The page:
Sunday, June 7, 2009

What would be the result of secession?

There is a school of thought that says of secession that, pacifists that we (modern Americans) are, there would be no agressive counter-movement by the central authority were a state or a group of states to secede from the union.

At the Tenth Amendment Center Jeff Matthews argues this position (albeit he doesn't use the term "pacifists," but I think this is essentially what he's getting at).

Jeff Matthews writes:

No way we’d have civil war if one or more states seceded. Not in these days of thinking we Americans are above the fray. We have it in our minds that civil wars and unrest are for the Middle East and perhaps, Korea, but not for here. We are far too good a people for that. There is no way the feds would even dream about it. They’d be pissing their pants, thinking about what to do, but there is no way, they’d invoke martial law and start shooting, dropping bombs, throwing grenades, and launching rockets. Not if it happened now.

Ha, ha.

No disrespect intended, but sometimes I have to wonder about these people, about their personal experiences, their upbringings, etc., -- what it is that convinces them to believe that any government, including (or especially) our own, cannot be provoked to take up arms against its own citizens. The thinking, in my opinion, besides being pretty naive, is a bit dangerous as well.

I personally cannot imagine a scenario involving the secession of one or more states in which the central government would not see it as a hostile act by the offending party/parties. Thus, I cannot imagine a secession scenario that would not involve aggressive action by the central government eventually resulting in bloodshed. So Jeff and I are on opposite ends of this particular spectrum. Okay, I'll grant a 1% chance that a state or states would be allowed to secede from the union peacefully, with no immediate violence done to them on behalf of the union. But that's about all the chance I'd give it. And notice that I said immediate.

Does it never occur to people that it's easy to be pacifistic whenever pacifism is made easy? Sorry if it sounds a little too cliche', but isn't it the truth? I mean, what need have our northern neighbors the Canadians of a strong, viable military? What need of national strength and masculinity when the most powerful nation on God's earth shares a continent and a border with you? However, whenever someone feels like he's being backed into a corner and fears for his life, he's liable to come out swinging. But our government isn't run by a bunch of pacifists anyway. They just like to give that impression because they think it's in vogue. Besides, I hold that any government capable of a Waco style massacre is capable of just about anything.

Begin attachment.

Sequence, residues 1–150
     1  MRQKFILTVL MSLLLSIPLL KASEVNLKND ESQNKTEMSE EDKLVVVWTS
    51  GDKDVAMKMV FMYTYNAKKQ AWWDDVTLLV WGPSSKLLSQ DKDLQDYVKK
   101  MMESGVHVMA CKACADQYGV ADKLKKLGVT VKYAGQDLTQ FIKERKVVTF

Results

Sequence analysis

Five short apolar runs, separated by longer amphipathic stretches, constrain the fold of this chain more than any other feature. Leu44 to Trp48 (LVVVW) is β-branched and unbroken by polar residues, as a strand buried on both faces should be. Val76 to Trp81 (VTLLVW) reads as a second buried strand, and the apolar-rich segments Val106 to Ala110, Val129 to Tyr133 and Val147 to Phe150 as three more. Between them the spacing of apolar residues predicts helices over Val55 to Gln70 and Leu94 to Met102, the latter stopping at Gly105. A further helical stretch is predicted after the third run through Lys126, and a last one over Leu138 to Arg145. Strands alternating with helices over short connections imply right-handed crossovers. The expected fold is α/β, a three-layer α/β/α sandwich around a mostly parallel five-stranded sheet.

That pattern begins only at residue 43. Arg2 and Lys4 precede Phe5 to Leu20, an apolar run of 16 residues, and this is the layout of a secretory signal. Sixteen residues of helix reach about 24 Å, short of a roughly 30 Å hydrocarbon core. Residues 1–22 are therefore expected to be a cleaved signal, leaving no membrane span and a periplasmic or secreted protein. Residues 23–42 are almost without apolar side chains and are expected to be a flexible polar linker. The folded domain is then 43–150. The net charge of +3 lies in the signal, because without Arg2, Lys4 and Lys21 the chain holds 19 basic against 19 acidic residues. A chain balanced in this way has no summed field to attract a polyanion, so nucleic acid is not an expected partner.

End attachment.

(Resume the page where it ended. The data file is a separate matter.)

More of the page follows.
Update: The discussion took off after I mentioned in the thread the implications of the Waco massacre.

Patrick Henry Lives wrote:

The one thing about Waco, though, was that it was secretly torched. Attacking a seceding State would have to be open and overt war, so the dynamics are different. At Waco, they had to conceal the arson and murder of 80 people, including women and children, and thus play homage to virtue and moderation by hiding what they wre really like and lengths they willing to go to. With a seceding State they could not conceal the aggression and killing. The whole facade of pretending to be righteous would have to be shed.

Jeff Matthews follows up:

Also, Waco was perceived as a small group of nutjobs. It’s far different than taking on a whole state.

TM replies,

You guys are making the point and then missing it. What do you think a seceding state would be made to look like but a bunch of nutjobs hostile to the United States? C’mon.

and further:

…even by a (large) segment of its own citizenry, by the way; a segment of the citizenry that enjoys a form of dual citizenship - state and national.

Hannibal Barca weighs in:

Constutional convention or secession…This is why it is important - NO, it is CRUCIAL, to take over the state legislature. Everything else is smoke and mirrors. The tenth amendment is about the states. We should be focusing on the states. We should be looking at pulling people out of office via recall. We shouldn’t be waiting to just vote them out. Rip them out.

The good news is that WE THE PEOPLE happen to live in the states, not WE THE FEDERAL GOVERNNMENT.

TM follows up on Patrick Henry Lives's comments:

“The one thing about Waco, though, was that it was secretly torched.”

True. But let me just point out that that was after the ‘compound’ and the people in it were ruthlessly attacked (by land and air) by a bunch of jackboot thugs who had already tipped off the media and everything else. So what, in reality, is different about it?

The ATF wasn’t too concerned about the image it was going to project, other than it concerned itself pointedly to projecting the image of POWER wielded for the noble cause of ‘justice’. Not to mention that there was a fifty one day ’standoff’ in which all manner of evil and lewd and lascivious behavior was going on at the hands of our illustrious government law enforcement officers taking their orders straight from the top (granted, this was all concealed). But the Congressional hearings on the matter, in which such things came out, were an absolute joke in which the government was made to look like the innocent and noble victim of a bunch of religious crazies in spite of it all.

Yeah; I can see that happening again.

Jeff Matthews replies:

You are all letting your imaginations get the better of you. Our federal government will not start a war with a seceding state. Think about it and tell me who will. Congress? Not on your life! The President? Fat chance. It will not happen. The feds would rather write them off than suffer the blow in the world’s eyes of having a civil war - not to mention the cost of such a war.

TM replies to Jeff:


A flyover state like Oklahoma (perceived by the general public to be populated by a bunch of ungovernable backwoods hillbillies) secedes. Upwards of thirty percent of its citizens cry foul. The U.S. government has an interest in that thirty percent because they are also U.S. citizens who disagree with Oklahoma’s move to secession. On top of everything else that group would be perceived as victims of an aggressive majority population whose rights would be threatened, and the U.S. government would be pressured (as if that would be necessary) to come to their rescue. And on and on and on.